Hard Cheese
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Hard Cheese, which is also called granular or stirred curd cheese, is made by mixing milk protein with the enzyme Rennet, which causes it to coagulate. After it coagulates for a period of time, the mixture is cut and reheated. It is then formed into molds and pressed, brined, salted, rubbed, turned regularly, and ripened for varying lengths of time depending on the aims of the cheesemaker.

Hard Cheese is called “hard” because it is much dryer than Semi-HardSemi-Soft or Soft Cheeses.  It loses moisture as it ages, making long-aged cheeses the hardest and driest.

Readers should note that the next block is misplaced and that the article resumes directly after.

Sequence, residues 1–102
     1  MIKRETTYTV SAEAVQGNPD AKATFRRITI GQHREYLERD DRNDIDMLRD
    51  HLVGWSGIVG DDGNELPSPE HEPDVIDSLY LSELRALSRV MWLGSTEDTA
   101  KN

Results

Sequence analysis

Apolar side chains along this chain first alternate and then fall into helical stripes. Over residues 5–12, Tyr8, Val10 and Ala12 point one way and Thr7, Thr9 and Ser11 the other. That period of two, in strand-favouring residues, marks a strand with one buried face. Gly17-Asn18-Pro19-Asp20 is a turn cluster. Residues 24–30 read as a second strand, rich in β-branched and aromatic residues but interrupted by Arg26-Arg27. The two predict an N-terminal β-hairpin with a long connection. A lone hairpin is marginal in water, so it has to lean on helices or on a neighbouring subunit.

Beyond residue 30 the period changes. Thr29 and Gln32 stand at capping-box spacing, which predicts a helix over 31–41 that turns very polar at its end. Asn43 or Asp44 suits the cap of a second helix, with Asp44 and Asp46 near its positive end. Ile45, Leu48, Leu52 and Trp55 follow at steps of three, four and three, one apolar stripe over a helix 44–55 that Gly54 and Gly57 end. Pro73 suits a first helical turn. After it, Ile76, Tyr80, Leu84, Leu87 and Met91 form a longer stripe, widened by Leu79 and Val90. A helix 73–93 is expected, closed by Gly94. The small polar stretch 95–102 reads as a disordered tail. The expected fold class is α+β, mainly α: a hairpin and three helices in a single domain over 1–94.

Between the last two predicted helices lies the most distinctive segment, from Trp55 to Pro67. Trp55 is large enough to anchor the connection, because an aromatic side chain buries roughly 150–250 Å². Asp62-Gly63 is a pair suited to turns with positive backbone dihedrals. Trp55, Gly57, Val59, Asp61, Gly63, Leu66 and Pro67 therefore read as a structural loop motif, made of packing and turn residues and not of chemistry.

There are thousands of Hard Cheeses.  Aged CheddarEmmentalParmesanAsiago and Gruyère are just a few of the well-known ones. During the ripening process, propionibacterium, one of the three bacteria used in making Swiss-style cheeses, ferments the lactate in milk, which adds sweetness to the cheese. The fermentation also causes the release of carbon dioxide, which makes bubbles, which in turn causes holes to appear in the cheese, a common trait in many Swiss cheeses. In some cheeses these holes are a sign of good quality; in others, not. A good Emmental cheese, for example, should have many holes; a good Gruyère cheese should have only tiny holes, if any.